User Experience (UX) v. User Interface (UI) Design — Process & Trends

Battle of Designers — Which is more important?

There is nothing that makes me feel more satisfied in Product Design than a perfect balance of data-driven user experience (UX) and visually-stimulating user interface (UI) design. What a nerd, right?!

But if the two stepped into the ring, which they often do, who do you think would win the bout? While we hope for 18 rounds and a perfect blend of the two, at the end of the day, user experience outweighs visual design.

The User Experience Value Proposition

If not for the simple reason that if something is not functional, it doesn’t matter how pretty is, let’s take a look at the importance of User Experience Design and the trends we will continue to watch grow in 2019.

Digital Storytelling

User experience is storytelling. Remove the fonts, colors, and graphics, and find a way to guide the user through a journey. How should they feel when they land on a webpage? What do you want them to know? What action do you want them to take? It’s like a digital grocery store. We guide the users to the dairy section so that they pass the bread and cereal on their way. If you have an important message to express or an action for people to take, don’t let visual design prevent you from sticking to the basics.

UX Drives Business

User experience has been generally accepted as the key to a business’ online success. Amazon? Ebay? Google? Yaa-hoooOoo? These companies spend millions split testing the size and placement of buttons to maximize user experience and optimize their key funnels. User experience is what separates the good brands from the unicorn tech companies in e-commerce like AllBirds, MeUndies, Harry’s and Dollar Shave Club.

“Design is more than a feeling; it is a CEO-level priority for growth and long-term performance.” — McKinsey Design

The Rise of the UX Writer

User experience and online storytelling have become so integral to a company's marketing plan that brands are seeking “user experience writers” to use a data-driven approach to copywriting. The same way you A/B test online ads, brands hire user experience writers to ensure copy is on brand, while optimized for search engines and click-through rates. Don’t believe me? See for yourself.

The Beauty of Visual Design

Don’t be fooled though. I’m a creative guy and visual design is my forte, which may be why I’m so attracted to user experience — it’s unfamiliar. If you can strike a balance between visually-stimulating and data-driven design than you’re the bee's knees. If you can do some front-end development on top of that then you’re a unicorn. These skills are highly valuable in the digital frontier and you should push yourself out of your comfort zone to hone them.

“Good design goes to heaven; bad design goes everywhere.” — Mieke Gerritzen

José Aires @ Unsplash

Part II: The User Experience Design Process

Before beginning a project, and every moment throughout the project execution, you need to remind yourself of the primary goal for the project. If your goals don’t include the user taking an action, but rather embracing a feeling, then let the right side of your brain fire on all synapses. Get creative! However, if you defined your goals to generate more leads, increase time on site, or grow revenue, good UX Design is the answer for these goals.

  1. Define: The first step in user experience is to understand the problem you hope design will solve. In order to do this, I suggest surveying the stakeholders for the business, understanding the different users and their requirements.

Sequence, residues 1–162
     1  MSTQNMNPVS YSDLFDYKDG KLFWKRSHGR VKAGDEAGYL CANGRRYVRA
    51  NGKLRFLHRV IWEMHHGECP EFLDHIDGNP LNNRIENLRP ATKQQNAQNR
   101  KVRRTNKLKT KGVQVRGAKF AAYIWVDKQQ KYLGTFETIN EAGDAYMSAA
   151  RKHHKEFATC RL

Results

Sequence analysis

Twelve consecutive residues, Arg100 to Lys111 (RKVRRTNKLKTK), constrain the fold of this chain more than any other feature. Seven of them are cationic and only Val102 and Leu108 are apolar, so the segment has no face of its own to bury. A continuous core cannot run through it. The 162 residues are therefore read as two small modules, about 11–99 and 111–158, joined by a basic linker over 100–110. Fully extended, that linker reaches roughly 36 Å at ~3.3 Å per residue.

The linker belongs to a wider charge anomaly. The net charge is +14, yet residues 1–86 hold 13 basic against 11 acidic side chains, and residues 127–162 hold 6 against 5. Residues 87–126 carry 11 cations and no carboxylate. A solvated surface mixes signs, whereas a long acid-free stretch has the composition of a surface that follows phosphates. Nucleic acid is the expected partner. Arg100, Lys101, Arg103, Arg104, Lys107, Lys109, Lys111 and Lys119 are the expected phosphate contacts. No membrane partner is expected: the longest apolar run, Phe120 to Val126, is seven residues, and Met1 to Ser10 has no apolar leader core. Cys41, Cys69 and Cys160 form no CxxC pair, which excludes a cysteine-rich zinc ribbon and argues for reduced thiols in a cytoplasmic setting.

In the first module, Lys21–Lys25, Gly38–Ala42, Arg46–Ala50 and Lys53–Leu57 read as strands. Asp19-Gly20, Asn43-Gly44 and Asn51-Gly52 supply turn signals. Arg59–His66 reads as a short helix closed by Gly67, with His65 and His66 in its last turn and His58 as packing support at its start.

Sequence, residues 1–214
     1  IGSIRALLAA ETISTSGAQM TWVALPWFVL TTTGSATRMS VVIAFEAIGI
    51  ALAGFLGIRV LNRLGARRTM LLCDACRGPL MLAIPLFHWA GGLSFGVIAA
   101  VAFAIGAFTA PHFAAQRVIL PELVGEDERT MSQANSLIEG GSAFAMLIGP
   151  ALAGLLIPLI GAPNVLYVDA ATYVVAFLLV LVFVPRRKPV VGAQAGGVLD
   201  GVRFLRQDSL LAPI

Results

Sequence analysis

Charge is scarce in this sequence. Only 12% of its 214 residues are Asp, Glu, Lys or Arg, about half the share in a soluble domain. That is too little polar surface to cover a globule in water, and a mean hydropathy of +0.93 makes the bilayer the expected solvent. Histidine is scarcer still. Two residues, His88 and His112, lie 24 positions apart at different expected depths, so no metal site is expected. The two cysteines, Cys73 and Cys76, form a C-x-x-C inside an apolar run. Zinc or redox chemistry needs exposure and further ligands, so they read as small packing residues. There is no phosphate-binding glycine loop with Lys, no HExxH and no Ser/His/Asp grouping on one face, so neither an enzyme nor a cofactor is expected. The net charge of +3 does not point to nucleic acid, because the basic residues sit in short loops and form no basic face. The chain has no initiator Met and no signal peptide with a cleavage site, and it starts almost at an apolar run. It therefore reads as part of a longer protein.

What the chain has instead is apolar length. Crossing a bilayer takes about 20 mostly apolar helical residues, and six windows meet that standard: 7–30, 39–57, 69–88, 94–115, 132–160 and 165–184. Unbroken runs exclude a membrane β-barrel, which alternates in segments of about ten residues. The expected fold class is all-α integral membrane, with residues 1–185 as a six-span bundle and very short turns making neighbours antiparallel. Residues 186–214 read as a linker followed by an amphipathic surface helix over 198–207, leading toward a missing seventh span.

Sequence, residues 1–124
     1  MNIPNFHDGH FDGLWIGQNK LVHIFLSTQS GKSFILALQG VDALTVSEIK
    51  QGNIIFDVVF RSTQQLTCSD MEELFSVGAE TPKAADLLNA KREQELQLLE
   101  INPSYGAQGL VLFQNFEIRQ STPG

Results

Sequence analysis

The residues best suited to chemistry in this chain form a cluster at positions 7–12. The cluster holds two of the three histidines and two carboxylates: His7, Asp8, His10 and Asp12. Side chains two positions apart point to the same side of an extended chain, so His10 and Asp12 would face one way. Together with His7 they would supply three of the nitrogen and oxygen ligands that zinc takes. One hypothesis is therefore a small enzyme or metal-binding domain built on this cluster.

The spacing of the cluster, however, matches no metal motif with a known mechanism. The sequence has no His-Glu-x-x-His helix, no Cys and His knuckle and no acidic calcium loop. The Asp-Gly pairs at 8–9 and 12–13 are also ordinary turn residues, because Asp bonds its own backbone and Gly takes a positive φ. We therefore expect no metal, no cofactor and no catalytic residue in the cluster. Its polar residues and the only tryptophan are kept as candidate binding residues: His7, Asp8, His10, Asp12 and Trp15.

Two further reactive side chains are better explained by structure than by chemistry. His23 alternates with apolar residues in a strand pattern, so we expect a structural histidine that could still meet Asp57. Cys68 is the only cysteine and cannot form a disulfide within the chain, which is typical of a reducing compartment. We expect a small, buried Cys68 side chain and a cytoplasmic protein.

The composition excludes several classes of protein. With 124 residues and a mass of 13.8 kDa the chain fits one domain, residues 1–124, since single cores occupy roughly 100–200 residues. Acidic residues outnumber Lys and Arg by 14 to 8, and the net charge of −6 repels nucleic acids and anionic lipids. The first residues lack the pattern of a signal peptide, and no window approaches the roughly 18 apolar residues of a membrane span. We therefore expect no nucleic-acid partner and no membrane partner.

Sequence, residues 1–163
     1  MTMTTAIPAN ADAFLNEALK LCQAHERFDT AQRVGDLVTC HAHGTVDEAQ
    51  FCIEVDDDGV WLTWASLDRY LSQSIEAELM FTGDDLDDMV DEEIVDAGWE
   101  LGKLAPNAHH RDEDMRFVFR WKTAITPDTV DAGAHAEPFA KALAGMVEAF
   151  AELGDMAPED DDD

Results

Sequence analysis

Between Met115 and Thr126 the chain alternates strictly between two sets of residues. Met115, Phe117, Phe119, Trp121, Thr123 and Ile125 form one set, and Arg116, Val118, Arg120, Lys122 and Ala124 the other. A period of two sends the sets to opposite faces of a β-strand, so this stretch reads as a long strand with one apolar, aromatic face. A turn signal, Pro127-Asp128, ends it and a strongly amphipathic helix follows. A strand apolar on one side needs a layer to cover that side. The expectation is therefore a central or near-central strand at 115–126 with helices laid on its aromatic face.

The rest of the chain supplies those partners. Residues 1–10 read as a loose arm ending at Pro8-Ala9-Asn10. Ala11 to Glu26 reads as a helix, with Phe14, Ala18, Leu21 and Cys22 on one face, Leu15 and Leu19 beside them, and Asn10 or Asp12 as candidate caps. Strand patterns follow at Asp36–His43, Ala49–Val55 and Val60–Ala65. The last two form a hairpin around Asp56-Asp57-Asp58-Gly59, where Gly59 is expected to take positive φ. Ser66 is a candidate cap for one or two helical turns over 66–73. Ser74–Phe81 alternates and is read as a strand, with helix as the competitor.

• User Personas: A representation of a type of customer.
  • User Stories: A natural example of a feature that persona may need.
  • Use Cases / User Flows: The path taken by the user to complete this task.
“Rule of thumb for UX: More options, more problems.” — Scott Belsky, Chief Product Officer

2. Research: The natural next step in a design workflow is the gather some inspiration. This is a critical step that should save you a lot of time. Good research can really stimulate your ideas.

  • Research your competitors
  • Learn about your industry
  • Get inspiration from competitors and other companies in similar industries
“Good artists copy, great artists steal” — Picasso (… and every person, ever)

Resources: Behance, Dribbble, Pinterest, Awwwards

3. Sketch: Once you’ve got clear objectives and your inspiration, it’s time to do some basic mockups. One option is never enough. Start by drawing some basic flows using pen & paper, then move to a prototyping software like Sketch or InVision. Generate a few ideas to test and validate, and get feedback from your stakeholders.

“Digital design is like painting, except the paint never dries.” — Neville Brody

4. Design: With the sketches complete and clear agreement on which user experience wireframes are liked by all stakeholders, it’s time to do full UX wireframes for the project. Use Sketch & Craft integration with Invision app to build a prototype for people to use. This gives developers the ability to implement this with code easily using Inspect.

“Design is not just what it looks like and feels like. Design is how it works.” — Steve Jobs

5. Test & Evaluate: Now that the product is in the wild, test and evaluate the success of the user experience using analytics tools like Google Analytics. Get customer feedback with forms so you can see the effectiveness of the product, and constantly improve the overall UX.

“Good design is like a refrigerator — when it works, no one notices, but when it doesn’t, it sure stinks.” — Irene Au

Thanks for reading! Let me know if you have any questions or feedback regarding user experience of visual design! I’d love to hear your thoughts.

This story is published in The Startup, Medium’s largest entrepreneurship publication followed by +411,714 people.

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